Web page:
Rocky’s High Road | Letters | Salt Lake City | Salt Lake City Weekly
Support the Free Press.
Facts matter. Truth matters. Journalism matters.
Salt Lake City Weekly has been Utah's source of independent news and in-depth journalism since 1984.
Donate today to ensure the legacy continues.

News » Letters

Rocky’s High Road



I found Jerre Wroble’s editorial about Rocky Anderson’s declaration for president and founding of the Justice Party overly harsh [“Windmill Drill,” Dec. 13, 2011,].

As a member of the board for High Road for Human Rights, I witnessed Rocky’s untiring dedication to the cause of social justice. The organization attempted to fill a significant gap in the global human-rights movement by establishing a framework for productive advocacy against abuses by employing social media and grass-roots networking. Although it was not able to accomplish much of its ambitious agenda, High Road did make impressive inroads and established a lasting model for other better-funded organizations to emulate. During much of High Road’s existence, Rocky did not draw the salary he more than earned with his 80-hour workweeks, deciding instead to devote these resources toward the organization’s fragile operating budget. It’s difficult to launch and to continue a nonprofit during a major recession, but Rocky gave it his all, as he does with everything he takes on.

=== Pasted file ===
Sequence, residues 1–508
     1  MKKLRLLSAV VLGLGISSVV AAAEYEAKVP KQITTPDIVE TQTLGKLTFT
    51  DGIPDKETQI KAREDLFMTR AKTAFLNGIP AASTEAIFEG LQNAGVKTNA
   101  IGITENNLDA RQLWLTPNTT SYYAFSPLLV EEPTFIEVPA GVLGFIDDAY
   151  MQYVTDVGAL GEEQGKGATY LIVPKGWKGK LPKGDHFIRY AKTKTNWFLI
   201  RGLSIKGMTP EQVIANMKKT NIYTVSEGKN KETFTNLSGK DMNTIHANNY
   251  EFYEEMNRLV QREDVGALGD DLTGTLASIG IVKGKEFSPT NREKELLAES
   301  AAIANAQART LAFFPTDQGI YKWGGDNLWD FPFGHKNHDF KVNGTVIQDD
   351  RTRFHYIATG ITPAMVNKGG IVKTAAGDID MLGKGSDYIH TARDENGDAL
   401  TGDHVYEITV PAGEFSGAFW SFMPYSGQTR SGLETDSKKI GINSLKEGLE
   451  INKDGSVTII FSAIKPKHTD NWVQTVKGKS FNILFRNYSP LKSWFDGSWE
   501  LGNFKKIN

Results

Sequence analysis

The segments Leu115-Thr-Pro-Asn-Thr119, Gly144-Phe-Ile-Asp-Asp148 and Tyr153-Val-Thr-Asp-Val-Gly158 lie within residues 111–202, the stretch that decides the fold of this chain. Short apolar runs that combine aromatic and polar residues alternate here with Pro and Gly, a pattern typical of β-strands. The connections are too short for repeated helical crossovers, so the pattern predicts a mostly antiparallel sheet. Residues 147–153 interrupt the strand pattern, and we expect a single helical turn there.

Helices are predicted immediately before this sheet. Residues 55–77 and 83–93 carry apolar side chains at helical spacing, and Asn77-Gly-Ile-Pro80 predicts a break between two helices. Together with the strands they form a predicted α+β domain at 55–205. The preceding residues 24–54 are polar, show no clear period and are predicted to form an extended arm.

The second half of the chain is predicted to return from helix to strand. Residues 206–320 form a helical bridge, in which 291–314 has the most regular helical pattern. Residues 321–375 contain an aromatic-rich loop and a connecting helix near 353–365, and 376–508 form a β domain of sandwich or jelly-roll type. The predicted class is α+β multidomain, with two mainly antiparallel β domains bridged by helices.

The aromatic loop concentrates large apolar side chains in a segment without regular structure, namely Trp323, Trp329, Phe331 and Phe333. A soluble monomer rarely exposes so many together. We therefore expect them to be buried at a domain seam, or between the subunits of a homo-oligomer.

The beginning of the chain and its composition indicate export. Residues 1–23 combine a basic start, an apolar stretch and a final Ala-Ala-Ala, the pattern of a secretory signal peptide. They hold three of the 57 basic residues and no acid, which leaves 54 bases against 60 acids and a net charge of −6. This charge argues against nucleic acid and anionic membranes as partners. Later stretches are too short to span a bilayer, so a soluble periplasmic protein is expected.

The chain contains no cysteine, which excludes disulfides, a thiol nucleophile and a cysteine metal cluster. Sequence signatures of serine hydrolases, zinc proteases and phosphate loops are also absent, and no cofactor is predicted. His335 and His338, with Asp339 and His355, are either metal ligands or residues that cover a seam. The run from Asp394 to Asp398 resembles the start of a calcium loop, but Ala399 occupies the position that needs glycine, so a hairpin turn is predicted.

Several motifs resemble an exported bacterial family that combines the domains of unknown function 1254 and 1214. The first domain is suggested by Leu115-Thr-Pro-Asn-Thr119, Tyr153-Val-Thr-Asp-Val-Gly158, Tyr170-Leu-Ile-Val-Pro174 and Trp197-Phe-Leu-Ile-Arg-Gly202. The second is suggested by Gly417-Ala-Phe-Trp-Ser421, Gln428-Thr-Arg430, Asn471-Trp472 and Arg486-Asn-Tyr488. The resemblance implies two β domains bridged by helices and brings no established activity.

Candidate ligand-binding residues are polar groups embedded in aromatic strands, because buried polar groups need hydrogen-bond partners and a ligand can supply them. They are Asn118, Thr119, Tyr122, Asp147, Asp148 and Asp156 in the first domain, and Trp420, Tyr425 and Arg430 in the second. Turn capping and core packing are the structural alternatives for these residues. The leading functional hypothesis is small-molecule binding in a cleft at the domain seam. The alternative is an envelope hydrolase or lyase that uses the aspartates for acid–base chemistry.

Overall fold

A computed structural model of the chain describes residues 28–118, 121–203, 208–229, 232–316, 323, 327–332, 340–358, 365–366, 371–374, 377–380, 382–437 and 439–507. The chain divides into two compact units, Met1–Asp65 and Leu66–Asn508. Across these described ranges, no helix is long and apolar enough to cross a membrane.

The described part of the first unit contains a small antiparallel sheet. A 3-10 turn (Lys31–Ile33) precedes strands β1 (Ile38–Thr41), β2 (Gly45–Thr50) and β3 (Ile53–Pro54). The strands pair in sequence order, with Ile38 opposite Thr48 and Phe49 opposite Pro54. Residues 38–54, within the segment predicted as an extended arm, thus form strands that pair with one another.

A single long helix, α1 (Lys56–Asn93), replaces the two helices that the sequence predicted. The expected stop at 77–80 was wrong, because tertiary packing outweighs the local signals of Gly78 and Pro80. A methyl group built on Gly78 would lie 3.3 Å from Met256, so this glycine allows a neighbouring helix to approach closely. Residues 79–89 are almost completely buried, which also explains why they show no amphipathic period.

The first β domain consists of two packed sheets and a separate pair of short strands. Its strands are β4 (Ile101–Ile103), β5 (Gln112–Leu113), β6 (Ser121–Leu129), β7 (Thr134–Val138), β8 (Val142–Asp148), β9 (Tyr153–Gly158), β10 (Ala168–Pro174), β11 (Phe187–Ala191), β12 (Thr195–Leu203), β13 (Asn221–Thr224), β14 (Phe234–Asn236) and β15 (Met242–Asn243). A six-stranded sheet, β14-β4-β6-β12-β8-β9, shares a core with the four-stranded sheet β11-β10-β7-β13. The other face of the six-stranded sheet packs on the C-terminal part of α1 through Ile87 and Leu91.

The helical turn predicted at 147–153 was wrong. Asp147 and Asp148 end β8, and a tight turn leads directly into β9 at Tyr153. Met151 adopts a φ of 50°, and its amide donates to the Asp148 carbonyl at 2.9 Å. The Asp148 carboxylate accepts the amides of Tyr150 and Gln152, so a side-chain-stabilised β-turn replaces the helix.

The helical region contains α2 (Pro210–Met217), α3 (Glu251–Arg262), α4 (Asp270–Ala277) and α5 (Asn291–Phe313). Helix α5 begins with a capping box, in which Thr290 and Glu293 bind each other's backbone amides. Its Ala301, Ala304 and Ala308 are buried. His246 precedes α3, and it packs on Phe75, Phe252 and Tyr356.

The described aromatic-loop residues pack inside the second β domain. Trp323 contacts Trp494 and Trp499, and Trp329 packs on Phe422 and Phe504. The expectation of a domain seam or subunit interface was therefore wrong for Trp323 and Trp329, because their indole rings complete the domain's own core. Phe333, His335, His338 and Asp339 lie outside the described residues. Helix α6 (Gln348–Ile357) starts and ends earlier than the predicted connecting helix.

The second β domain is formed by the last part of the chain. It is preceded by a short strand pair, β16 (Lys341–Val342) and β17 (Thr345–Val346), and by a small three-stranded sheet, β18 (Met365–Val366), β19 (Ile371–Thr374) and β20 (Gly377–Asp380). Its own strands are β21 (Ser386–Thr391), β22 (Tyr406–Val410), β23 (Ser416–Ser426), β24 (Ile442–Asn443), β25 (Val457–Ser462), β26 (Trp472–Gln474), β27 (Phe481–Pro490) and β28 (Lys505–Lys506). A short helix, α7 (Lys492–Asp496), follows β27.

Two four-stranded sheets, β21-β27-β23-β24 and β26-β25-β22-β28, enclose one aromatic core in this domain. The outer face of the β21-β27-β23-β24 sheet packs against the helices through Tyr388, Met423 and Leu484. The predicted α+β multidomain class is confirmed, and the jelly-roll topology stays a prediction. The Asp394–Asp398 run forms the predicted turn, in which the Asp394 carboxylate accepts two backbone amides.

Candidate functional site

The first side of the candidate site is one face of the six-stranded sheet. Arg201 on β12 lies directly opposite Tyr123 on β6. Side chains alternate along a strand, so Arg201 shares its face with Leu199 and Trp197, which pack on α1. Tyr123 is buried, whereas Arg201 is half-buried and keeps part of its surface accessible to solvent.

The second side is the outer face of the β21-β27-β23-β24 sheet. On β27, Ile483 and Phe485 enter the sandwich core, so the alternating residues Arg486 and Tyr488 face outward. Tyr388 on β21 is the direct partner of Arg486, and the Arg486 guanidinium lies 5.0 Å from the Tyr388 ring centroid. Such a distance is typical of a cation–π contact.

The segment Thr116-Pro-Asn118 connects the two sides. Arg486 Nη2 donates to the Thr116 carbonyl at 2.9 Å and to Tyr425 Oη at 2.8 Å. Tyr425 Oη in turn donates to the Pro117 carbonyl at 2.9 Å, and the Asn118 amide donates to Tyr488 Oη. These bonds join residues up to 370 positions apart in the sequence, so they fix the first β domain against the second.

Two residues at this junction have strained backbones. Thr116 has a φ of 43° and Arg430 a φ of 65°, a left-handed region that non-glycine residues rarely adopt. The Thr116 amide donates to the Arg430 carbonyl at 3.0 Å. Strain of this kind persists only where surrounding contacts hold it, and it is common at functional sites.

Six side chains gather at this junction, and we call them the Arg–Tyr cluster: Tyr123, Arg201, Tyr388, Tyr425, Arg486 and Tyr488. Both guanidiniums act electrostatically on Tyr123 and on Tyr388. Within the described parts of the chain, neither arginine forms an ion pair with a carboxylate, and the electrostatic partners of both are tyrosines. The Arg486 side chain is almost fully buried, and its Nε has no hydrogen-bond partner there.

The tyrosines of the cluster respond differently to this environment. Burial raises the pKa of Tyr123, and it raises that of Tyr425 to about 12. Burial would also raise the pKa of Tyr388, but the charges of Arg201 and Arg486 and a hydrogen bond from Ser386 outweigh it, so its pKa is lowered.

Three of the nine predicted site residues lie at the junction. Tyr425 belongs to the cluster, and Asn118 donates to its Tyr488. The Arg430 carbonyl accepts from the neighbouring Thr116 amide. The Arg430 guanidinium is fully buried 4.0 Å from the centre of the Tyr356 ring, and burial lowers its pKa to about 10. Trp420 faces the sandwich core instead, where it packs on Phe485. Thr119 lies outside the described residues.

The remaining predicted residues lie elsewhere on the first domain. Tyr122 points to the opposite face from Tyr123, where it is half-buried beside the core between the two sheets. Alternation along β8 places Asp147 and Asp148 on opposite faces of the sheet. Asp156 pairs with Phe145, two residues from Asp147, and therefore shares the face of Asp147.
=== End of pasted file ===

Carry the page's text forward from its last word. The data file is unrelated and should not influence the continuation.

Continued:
Agree with him or not on specific issues, there is no better example of someone who possesses the courage of his convictions. Cynics may view this as tilting at windmills, but cynicism fuels, and is fueled by, the political impasse destroying our future. Living one’s ideals and speaking truth to power are absent virtues we so desperately crave in our leaders. It’s refreshing to consider an alternative, no matter how impractical or impolitic.

Robert Newman
Salt Lake City